Will bent over and reached down for her, managing to grasp her beneath the armpits, and with the two men’s help, he was able to maneuver her onto the deck. It wasn’t that she was heavy—she was actually a slip of a thing. But the movement of the ocean combined with her dead weight and the frothy torn clothing combined to make it a cumbersome process.
Cradling her head, Will gently lay her on the deck.
“She’s breathing,” Jasper gasped as he scrambled up the ladder. “She lives!”
Will heaved out a sigh of relief.
Holding the little boy—who looked to be about five or six years old, though Will was certainly no authority on children—Briggs stepped onto the deck. The four men hovered over the woman. Crouched near her feet, Jasper cleared his throat and tugged the filthy hem of her dress down over the torn and dirty stockings covering her legs.
Something about those legs was…familiar.
With his heart suddenly pounding hard, Will raised his hand to push away the blond mass of hair obscuring her features. Her hair was dense with wetness and salt, but he cleared it from her face, his callused fingertips scraping over the soft curve of her cheek.
“Oh, God,” Will choked, his hand frozen over her hair. “Oh, my God.”
“What is it, Captain?” The question came from somewhere above him.
Will blinked away the water threatening to stream from his eyes. Was he overtired? Was he having visions? Had the intensity of the storm and lack of proper sleep caused him to have strange, perverse dreams?
No. God no, he was awake. There was too much color—the dewy flesh of her skin, the light brown spatter of freckles on her nose, the pink and white of her dress. Beyond the rancid smell of bilge water—originating mostly from the boy, he thought—he could smell her, too. She’d always smelled sweet and pure, like the sugarcane from the plantation in Antigua where she’d been raised.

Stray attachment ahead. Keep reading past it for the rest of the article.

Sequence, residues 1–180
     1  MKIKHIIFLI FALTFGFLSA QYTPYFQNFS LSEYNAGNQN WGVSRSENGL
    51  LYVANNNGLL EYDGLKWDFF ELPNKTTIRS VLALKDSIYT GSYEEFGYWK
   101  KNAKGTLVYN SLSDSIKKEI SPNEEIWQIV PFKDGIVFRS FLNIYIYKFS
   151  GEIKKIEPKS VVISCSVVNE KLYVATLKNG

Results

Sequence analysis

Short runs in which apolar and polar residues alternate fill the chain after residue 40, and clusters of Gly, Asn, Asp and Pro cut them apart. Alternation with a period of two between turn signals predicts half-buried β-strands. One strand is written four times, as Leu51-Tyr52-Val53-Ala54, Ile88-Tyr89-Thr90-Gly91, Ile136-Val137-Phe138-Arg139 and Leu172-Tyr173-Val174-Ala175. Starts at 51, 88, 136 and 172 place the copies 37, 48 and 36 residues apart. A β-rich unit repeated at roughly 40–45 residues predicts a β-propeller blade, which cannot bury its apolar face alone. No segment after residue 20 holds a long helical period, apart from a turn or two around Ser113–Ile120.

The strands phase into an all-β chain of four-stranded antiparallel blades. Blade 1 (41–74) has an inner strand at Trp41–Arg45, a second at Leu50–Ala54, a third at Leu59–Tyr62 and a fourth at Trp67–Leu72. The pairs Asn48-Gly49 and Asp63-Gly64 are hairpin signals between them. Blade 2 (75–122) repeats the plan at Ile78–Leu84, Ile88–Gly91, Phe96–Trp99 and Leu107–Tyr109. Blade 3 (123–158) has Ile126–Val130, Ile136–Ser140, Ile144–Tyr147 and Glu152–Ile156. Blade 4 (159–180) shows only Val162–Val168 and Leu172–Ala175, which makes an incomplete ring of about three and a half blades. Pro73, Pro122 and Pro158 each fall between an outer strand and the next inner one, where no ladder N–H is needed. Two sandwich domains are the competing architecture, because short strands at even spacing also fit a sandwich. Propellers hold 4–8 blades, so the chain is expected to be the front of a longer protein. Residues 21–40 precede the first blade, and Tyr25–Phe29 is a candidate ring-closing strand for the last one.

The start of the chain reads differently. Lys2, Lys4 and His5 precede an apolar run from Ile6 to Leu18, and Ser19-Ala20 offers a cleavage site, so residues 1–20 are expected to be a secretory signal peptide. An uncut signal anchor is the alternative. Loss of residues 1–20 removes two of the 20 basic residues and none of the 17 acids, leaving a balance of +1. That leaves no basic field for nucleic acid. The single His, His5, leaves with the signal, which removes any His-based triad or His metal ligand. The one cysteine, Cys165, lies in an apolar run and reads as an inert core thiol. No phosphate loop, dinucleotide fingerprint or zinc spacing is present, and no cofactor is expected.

Was she a ghost?
Half fearing she’d evaporate like fog beneath his fingers, he clasped both sides of her face and turned it upward so she would have been staring at him if her eyes were open.
“You’re real,” he whispered. He crouched over her mouth and nose and closed his eyes as the soft puff of her breath washed over his cheek.
Jasper was right—she was alive.
This was impossible. She’d been lost at sea eight years ago—on the other side of the Atlantic. Had she been adrift all this time, like some sleeping beauty, waiting for him—her prince—to find her and kiss her awake?
Did he dare hope that this was a true miracle and not some cruel joke of fate?
“Meg,” he breathed. The dewy feel of her skin beneath his fingertips swept through him like the stroke of a rose petal. “Meg? Wake up,” he murmured. “Wake up, love.”
The urge overcame him, and forgetting the men staring at him—at them—he bent forward and pressed his lips to hers.
Her mouth was soft and cool, with a hint of salt. God help him, but memories slammed into him. He remembered the feel of her lips against his, the feel of her body against his. And his body could do nothing but respond to the images rolling through his mind. The sweetness of her body tucked against him. Her trusting gray eyes…the way she’d looked at him. No one had ever looked at him like Meg had.
He drew back, his movement slow. She hadn’t moved.
Keeping himself just over her, he held her precious face cupped in his hands. He couldn’t bear to let her go. He couldn’t bear to pull farther away from her. Instead, he touched her nose with his and reveled in the soft feel of her breath as it whispered over his forehead.
She was alive. Meg was alive.